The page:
This momentous occasion will be celebrated with the ceremony in our 109-year-old Methodist Church 'on the Square', where hubby and I exchanged our own vows 58.5 years ago. This is the site, too, of four of our five children's weddings. I keep thinking of one of my favorite tune from "Fiddler on the Roof"... "TRADITION". Another favorite is the poignant "Sunrise, Sunset"...'is this the little girl I carried; is this the little boy at play? I don't remember growing older -- when did they?' This one brings tears to my eyes every time I hear it.

Both of the couple's families attend much larger churches in the metropolitan area, so I was even more pleased and excited when Emily and Scott chose the 'old home church' for their nuptials.

This past week has been full and busy - so what else is new, huh? Finalizing the work on the yearbook for one of the hereditary organizations I belong to, and still working on the quarterly newsletter for the genealogical society of the neighboring county has consumed much of my 'free' time. I managed to read four books, though, in spite of other committments. (Talk about multi-tasking!)

I enjoyed every page of "Return to Sullivan's Island" and will be re-reading "Sullivan's Island" when I find it at the Book Store. Everything Dorothea Benton Frank writes about the low country of South Carolina is a good read, and something I enjoy.

A successful shopping trip with my sister was the icing on the cake the other day. Finding just the right outfit for an upcoming occasion was a feather in both our caps! Fashions these days are not exactly geared to the older women, and if one is not 20-something and pencil slim, the pickin's are usually limited. We ventured in to a 'new-to-us' dress store, and found the styles, ambience and the attractive young clerk all very pleasant.

An interview yesterday with the Town History project coordinator was FUN. My long-time friend and I, who grew up across the street from each other, met with the coordinator, the director who asked the leading questions and the young man from the high school who manned the camera. We are so glad that this project is underway, and that we were included in the list of interviewees chosen to share stories of 'Old Collierville'. The hour went entirely too fast. My friend and I fed off each other as we related stories from our childhood and teen years in the really small town this once was. She would tell about an event which reminded me of another related one of my own. I commented after the interview concluded, that 'we could have talked all day'.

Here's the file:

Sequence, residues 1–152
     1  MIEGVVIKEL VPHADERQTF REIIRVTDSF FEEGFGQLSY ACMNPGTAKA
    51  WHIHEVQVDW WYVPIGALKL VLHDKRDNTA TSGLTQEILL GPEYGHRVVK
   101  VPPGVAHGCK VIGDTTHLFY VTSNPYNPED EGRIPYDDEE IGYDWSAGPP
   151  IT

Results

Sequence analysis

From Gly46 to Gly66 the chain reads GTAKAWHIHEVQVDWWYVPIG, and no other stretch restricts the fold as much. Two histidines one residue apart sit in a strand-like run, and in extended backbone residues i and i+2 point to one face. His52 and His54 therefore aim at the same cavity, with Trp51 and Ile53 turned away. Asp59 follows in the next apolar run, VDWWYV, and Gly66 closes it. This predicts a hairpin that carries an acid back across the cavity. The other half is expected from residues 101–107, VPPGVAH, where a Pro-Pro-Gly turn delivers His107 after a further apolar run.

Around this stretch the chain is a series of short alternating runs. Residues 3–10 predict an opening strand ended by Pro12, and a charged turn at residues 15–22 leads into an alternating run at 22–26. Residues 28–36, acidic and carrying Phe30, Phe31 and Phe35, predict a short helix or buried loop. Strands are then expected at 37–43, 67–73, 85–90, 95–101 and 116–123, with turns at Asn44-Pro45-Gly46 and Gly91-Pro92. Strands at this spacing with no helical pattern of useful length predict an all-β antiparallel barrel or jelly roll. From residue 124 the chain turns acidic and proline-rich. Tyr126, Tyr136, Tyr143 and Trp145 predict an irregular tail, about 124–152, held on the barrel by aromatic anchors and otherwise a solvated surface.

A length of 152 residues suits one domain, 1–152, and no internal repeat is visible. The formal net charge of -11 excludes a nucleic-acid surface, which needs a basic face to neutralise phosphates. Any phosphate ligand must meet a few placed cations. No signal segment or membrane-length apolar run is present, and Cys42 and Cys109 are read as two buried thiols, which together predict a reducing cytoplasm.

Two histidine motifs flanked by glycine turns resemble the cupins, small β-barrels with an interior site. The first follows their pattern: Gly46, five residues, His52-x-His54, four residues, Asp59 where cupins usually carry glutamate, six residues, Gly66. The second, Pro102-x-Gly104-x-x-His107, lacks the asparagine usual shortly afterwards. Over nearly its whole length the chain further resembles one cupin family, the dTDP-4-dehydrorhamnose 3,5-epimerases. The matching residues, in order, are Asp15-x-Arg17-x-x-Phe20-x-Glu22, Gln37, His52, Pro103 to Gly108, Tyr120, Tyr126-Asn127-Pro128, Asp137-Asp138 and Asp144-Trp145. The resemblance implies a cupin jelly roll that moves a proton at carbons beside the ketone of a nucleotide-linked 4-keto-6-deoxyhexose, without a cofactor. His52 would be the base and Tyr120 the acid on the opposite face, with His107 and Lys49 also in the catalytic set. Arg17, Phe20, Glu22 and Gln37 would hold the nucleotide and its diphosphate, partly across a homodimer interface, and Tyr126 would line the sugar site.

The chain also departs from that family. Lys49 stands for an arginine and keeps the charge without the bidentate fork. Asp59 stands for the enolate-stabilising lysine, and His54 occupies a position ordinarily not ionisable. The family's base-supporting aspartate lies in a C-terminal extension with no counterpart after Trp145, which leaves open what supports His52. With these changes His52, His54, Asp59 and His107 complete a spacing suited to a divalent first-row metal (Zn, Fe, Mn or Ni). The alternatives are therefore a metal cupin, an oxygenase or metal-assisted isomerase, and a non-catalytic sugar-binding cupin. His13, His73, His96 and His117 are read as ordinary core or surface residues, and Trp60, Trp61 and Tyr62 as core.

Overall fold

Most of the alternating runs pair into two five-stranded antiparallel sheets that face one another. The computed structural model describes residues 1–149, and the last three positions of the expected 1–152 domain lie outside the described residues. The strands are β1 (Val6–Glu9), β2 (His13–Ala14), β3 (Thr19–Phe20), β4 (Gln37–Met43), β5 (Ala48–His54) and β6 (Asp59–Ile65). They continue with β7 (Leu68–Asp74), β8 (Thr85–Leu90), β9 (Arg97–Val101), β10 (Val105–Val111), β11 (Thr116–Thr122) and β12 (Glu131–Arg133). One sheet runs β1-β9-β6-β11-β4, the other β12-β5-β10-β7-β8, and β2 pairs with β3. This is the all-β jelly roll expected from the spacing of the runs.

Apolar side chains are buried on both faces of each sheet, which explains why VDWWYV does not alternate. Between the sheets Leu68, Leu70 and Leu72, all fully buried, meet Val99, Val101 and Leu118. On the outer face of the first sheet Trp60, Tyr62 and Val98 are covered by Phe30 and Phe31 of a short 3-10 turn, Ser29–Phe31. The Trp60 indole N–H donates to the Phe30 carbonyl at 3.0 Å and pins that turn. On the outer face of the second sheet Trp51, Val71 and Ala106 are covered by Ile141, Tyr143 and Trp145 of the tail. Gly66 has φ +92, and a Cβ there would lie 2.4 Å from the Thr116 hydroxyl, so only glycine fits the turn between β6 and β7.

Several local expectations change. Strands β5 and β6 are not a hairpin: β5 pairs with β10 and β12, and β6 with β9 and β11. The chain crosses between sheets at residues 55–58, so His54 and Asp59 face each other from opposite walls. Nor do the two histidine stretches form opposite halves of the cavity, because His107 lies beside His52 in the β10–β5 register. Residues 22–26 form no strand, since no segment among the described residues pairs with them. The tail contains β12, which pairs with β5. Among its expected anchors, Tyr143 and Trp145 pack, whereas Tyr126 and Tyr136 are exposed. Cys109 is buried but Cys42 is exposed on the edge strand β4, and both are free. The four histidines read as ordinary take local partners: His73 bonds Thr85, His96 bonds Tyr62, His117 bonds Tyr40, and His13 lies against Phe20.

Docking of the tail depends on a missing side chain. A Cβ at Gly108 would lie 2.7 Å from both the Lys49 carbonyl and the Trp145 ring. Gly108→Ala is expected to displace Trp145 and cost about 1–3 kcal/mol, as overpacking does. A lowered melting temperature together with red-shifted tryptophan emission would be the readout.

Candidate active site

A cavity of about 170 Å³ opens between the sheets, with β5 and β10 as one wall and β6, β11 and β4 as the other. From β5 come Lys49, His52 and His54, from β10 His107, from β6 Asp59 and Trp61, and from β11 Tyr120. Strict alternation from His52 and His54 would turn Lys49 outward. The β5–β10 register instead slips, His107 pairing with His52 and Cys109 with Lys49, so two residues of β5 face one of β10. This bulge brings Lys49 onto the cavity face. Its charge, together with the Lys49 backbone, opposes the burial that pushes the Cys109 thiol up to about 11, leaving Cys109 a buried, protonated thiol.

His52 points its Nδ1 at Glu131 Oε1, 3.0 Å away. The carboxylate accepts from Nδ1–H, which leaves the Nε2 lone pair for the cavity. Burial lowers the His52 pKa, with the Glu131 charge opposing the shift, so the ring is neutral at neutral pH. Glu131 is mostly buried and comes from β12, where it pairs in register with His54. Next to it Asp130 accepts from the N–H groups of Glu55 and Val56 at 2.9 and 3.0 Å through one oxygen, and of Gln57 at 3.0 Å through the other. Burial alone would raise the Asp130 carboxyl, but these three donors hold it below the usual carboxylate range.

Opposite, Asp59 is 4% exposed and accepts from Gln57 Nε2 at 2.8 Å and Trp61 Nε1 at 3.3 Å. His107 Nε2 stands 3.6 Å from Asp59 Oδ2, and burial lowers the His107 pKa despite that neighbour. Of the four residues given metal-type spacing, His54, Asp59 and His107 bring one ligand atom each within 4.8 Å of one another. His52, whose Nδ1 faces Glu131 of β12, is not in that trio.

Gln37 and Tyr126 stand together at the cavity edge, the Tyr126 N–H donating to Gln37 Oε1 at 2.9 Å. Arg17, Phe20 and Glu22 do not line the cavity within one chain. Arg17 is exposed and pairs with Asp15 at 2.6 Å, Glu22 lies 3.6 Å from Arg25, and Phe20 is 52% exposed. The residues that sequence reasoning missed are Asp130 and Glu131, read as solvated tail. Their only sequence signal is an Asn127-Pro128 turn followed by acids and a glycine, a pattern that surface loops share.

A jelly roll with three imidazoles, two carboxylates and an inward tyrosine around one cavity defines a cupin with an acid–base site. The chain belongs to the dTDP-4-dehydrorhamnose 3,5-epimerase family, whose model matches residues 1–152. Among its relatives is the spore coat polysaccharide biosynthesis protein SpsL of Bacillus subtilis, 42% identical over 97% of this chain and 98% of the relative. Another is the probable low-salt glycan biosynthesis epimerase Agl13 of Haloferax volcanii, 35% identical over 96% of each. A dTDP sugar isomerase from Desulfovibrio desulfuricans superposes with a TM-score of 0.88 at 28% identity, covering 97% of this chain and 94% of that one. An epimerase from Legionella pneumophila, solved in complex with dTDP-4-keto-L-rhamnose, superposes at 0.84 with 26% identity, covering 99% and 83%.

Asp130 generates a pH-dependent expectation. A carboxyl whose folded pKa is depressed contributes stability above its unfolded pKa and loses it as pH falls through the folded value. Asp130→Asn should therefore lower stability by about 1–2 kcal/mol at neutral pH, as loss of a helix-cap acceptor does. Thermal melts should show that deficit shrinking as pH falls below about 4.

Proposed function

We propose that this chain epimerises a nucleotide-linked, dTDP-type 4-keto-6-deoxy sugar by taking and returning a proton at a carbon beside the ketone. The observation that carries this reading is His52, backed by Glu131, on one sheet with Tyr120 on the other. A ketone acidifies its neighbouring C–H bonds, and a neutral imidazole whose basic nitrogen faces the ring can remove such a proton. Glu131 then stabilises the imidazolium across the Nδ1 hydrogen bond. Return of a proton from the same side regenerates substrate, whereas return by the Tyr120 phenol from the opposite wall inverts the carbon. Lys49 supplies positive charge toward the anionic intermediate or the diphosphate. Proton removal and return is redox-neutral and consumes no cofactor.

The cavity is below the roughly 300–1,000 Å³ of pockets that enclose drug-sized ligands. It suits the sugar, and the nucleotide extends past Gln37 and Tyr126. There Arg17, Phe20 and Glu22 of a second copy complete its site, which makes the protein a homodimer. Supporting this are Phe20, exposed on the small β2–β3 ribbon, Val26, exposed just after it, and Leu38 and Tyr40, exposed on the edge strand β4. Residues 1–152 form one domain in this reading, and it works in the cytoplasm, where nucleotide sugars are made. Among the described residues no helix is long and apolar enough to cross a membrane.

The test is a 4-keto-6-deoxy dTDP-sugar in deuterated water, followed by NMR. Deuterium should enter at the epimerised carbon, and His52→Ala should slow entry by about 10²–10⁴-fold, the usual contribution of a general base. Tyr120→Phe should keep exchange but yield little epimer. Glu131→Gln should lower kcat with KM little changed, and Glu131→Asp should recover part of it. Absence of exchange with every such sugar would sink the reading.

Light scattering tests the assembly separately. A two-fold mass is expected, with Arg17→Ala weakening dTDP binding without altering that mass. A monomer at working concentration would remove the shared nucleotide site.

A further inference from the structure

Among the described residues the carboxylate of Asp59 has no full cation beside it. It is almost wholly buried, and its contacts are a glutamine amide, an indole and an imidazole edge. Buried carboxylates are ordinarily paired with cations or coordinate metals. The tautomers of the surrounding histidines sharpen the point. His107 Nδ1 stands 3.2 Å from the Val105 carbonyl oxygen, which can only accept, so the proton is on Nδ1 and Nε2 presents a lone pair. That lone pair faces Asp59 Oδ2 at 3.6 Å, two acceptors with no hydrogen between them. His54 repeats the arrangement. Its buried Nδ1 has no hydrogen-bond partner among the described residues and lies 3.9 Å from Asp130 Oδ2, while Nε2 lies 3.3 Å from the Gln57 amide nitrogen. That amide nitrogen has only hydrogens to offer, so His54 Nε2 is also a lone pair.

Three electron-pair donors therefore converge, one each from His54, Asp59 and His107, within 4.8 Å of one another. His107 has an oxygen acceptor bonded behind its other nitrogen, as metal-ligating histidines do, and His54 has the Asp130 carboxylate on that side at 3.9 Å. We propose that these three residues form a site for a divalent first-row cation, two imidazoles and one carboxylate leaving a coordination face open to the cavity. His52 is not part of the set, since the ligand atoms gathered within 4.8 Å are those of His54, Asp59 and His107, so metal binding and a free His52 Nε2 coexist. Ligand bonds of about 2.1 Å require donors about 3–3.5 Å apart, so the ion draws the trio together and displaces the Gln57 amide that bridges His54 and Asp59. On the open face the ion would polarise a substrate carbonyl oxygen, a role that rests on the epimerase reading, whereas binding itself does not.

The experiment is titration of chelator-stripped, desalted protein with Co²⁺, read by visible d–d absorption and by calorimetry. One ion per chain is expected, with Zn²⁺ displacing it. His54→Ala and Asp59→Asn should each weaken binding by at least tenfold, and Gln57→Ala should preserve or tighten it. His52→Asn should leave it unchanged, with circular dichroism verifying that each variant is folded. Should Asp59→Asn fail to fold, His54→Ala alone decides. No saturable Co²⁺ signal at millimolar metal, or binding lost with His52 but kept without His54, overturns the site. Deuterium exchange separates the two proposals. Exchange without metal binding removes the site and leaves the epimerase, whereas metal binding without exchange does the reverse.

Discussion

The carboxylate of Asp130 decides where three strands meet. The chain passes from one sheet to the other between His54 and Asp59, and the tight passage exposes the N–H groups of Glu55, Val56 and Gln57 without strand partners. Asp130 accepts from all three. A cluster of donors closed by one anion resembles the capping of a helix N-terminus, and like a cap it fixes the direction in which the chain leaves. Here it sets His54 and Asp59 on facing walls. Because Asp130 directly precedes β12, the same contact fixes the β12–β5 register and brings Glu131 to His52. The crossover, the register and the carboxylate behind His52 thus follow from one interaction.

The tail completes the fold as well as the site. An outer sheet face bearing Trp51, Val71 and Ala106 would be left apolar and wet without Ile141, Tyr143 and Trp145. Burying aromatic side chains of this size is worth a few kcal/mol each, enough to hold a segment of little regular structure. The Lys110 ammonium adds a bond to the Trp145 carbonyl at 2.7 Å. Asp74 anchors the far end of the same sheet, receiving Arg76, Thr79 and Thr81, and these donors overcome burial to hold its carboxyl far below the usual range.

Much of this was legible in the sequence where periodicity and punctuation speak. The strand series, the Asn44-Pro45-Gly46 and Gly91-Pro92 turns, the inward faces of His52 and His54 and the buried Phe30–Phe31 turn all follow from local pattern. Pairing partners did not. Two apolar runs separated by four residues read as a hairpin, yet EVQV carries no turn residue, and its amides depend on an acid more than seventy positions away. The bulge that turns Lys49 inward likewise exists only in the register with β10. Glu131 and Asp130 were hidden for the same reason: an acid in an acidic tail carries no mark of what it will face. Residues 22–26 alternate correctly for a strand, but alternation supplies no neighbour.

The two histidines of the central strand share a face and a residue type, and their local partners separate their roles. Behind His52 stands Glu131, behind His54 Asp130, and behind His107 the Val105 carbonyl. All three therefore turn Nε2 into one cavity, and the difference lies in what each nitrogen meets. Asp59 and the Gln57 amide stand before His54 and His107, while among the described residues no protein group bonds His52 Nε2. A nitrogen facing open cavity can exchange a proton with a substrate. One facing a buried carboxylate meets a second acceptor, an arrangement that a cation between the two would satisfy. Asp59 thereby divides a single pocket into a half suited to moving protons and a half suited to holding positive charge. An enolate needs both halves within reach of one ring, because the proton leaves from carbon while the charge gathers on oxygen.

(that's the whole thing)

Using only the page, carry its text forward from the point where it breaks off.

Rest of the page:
Today will be another fun one, voluntering at the Book Store and then visiting the Farmers Market again for more mouth-watering fresh veggies. I'm looking forward to more of those lucious home-grown tomatoes and sweet corn and whatever else is available.

Friday, July 3, 2009

Books and Veggies

Thursday this week was a busy and productive day all day long ! Lots of interesting visitors to the Book Store and many sales made my 'quota' for the early shift an easy reality. We don't actually have a set quota to accomplish, but it's always rewarding when a large number of sales produce a check-out total that's 'comfortable'.

Donations for the Library and the Book Store continue to come in, and for this we are grateful. Our neighbors and friends bring in books, magazines, tapes and CDs that are no longer wanted, and as is said, 'one man's trash is another man's treasure'. It's always fun to see a patron find a longed-for book on the Book Store shelf.

The youngest patrons who come in after their visit to the programs in the Library are the most fun to watch. They are very serious in choosing their selections of the day, and with parental guidance, usually end up with a hardback or paperback that's just right for them.

The Summer Reading program is an active one, especially for the YA group. When a 'young adult' completes the requirements, they receive a coupon for a Free YA book from the Book Store. Those selections sometimes take a long time...but the smiles on their faces, when they complete the mission, are worth the wait.

When I finished my shift, hubby and I visited the brand-new "Farmers Market" off the Square. Many tables of fresh home-grown vegetables and fruits to choose from made the heat more tolerable. We came home with bags full of sweet corn, tomatoes, new potatoes and yellow squash. We chatted a while with the dedicated gardener who initiated, persevered and succeeded in establishing this new 'Farmers Market'.

The Market will return every Thursday from noon til 6 - or until a vendor sells out and departs. One vendor had already done that by the time we got there mid-afternoon.

Supper last night took some prep effort, but was Oh so Worth the trouble! Those fresh home-grown tomatoes tasted like Real tomatoes, and the sweet corn on the cob was indescribably delicious.